Kingston the Killer Koala
There was no greater disguise for an assassin than that of a benign teddy bear of a creature like Kingston. Sweet as pie and gentle as a lamb. That’s how everyone saw this soft, furry little guy who sat in trees munching his eucalyptus leaves and taking long naps.
Kingston, however, had a lethal inner bad guy who tended to come out at night. Backing gingerly down his tree, he landed on the ground with a soft thud, tore through the trees screaming as though chased by demons, and attacked . . . you guessed it . . . he attacked kangaroos. Boomers sleeping on the ground were especially vulnerable.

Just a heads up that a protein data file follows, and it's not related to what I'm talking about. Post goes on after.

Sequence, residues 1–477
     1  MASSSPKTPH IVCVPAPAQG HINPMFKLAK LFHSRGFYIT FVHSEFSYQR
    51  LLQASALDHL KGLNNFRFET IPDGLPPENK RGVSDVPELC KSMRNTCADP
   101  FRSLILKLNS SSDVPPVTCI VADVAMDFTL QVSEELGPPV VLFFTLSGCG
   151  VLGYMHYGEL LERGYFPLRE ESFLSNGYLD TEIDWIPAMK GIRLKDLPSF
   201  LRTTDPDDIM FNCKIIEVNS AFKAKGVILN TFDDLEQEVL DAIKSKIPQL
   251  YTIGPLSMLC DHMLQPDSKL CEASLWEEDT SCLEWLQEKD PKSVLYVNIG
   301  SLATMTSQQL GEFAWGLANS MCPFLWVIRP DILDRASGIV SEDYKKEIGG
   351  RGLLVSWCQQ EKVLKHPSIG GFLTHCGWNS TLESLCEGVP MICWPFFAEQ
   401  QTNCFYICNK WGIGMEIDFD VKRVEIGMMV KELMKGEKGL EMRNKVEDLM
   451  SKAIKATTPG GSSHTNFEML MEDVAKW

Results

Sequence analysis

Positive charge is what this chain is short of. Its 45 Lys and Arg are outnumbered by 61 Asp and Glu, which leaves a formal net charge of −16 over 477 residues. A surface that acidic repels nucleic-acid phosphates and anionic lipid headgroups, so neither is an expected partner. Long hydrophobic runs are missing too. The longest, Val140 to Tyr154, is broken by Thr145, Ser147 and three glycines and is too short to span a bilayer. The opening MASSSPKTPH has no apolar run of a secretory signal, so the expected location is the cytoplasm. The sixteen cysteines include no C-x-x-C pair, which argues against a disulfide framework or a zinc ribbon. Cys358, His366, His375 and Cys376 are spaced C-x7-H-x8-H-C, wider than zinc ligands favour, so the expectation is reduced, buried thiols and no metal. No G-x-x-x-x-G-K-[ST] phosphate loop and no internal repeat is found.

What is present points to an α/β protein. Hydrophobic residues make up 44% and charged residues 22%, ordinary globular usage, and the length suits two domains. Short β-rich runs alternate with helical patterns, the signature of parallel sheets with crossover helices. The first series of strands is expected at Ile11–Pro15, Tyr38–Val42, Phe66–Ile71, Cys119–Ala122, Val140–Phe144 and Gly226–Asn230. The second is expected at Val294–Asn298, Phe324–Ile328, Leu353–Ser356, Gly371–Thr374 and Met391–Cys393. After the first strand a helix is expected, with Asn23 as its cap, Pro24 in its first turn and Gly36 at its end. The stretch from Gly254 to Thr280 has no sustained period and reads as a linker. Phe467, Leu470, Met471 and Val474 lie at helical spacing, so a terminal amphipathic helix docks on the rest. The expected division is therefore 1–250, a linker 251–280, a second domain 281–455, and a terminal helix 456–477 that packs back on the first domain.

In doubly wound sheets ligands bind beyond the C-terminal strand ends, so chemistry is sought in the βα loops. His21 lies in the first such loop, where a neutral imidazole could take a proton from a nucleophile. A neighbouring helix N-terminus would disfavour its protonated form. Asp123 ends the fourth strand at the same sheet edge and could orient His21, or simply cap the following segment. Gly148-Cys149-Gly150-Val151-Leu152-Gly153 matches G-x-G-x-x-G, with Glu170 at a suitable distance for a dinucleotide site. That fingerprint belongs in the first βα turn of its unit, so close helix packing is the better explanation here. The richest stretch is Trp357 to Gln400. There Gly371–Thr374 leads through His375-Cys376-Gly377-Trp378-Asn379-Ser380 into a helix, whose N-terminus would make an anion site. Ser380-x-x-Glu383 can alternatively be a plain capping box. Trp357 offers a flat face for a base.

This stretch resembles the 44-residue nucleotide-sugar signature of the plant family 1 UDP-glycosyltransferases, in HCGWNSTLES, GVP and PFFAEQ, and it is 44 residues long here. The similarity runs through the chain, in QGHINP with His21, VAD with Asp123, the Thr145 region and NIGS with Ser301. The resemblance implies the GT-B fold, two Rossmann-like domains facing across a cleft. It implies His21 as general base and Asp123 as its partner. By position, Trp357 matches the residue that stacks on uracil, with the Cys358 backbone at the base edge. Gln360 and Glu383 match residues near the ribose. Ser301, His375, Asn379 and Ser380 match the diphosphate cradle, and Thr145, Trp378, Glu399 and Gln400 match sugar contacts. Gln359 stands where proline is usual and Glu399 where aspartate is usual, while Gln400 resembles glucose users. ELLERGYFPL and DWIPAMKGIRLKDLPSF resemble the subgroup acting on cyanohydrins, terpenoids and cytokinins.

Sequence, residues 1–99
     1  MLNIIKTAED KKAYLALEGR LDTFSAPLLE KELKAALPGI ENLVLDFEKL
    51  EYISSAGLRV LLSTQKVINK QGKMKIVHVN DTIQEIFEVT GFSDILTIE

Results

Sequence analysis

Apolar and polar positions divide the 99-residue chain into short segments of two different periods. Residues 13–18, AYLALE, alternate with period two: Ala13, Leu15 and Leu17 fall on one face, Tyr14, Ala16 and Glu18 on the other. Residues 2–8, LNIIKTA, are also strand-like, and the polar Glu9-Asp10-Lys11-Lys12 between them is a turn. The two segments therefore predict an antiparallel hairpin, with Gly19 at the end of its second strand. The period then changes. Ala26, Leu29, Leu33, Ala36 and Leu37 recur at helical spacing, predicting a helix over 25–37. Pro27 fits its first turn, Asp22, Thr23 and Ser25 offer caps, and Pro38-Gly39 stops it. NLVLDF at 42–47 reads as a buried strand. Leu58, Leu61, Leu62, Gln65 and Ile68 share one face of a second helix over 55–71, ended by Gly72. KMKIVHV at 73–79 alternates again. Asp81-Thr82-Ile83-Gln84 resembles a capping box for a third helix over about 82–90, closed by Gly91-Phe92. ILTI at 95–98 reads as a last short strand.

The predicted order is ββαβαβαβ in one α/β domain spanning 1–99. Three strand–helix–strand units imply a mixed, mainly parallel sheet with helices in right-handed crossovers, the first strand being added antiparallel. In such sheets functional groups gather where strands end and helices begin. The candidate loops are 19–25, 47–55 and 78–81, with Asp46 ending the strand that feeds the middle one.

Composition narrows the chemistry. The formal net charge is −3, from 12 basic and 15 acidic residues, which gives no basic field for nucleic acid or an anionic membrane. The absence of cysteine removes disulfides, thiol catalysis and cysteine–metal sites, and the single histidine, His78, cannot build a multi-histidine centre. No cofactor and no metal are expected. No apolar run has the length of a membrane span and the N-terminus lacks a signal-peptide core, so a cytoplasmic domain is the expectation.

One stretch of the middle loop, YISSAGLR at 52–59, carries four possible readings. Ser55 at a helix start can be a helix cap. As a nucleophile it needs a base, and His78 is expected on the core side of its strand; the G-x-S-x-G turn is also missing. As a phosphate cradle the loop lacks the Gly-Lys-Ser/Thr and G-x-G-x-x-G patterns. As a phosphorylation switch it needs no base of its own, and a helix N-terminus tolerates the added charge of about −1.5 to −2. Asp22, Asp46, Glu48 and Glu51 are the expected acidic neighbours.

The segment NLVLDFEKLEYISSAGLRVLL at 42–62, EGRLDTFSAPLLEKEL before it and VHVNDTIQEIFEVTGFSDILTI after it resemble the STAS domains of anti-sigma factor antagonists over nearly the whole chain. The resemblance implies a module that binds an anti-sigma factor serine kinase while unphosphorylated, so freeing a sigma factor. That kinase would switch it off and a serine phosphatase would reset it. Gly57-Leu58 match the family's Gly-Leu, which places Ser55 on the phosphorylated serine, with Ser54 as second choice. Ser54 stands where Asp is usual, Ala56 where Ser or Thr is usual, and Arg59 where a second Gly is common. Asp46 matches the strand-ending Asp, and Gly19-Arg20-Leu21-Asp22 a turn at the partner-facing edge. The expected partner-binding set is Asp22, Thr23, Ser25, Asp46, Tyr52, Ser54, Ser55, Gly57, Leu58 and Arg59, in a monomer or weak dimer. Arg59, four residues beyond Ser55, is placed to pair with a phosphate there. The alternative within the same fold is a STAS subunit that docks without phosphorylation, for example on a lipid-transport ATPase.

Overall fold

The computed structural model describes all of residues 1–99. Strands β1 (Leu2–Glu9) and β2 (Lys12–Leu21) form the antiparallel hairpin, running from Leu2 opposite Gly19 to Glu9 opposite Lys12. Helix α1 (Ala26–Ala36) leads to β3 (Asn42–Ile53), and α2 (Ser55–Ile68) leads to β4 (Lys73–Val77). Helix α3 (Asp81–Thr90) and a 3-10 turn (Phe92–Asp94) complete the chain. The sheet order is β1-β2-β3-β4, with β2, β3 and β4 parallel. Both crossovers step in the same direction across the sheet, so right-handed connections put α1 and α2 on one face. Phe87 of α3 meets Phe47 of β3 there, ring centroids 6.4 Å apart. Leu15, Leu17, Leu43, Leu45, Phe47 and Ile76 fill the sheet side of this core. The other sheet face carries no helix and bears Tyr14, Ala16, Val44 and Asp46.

Leaving the body behind, Kingston escaped in a flash, leapt up the trunk of his favorite tree, dug in his claws, and scrambled onto a limb to catch his breath. By the time the other koala rubbed their eyes and looked around to see what the scratching and rustling was all about, Kingston was calmly munching his eucalyptus snack.
Kingston might never have been caught and punished for his crimes were it not for other members of his society who noticed his odd behavior and became suspicious of his nocturnal wanderings. Two followed him one night and were shocked to witness his “vicious and unprovoked” attack.
The kangaroo mob which Kingston had preyed on for many nights in a row demanded the right to execute Kingston on the spot.
And that’s exactly what happened.
Anyone who has a lethal inner bad guy should think twice before letting him run free.
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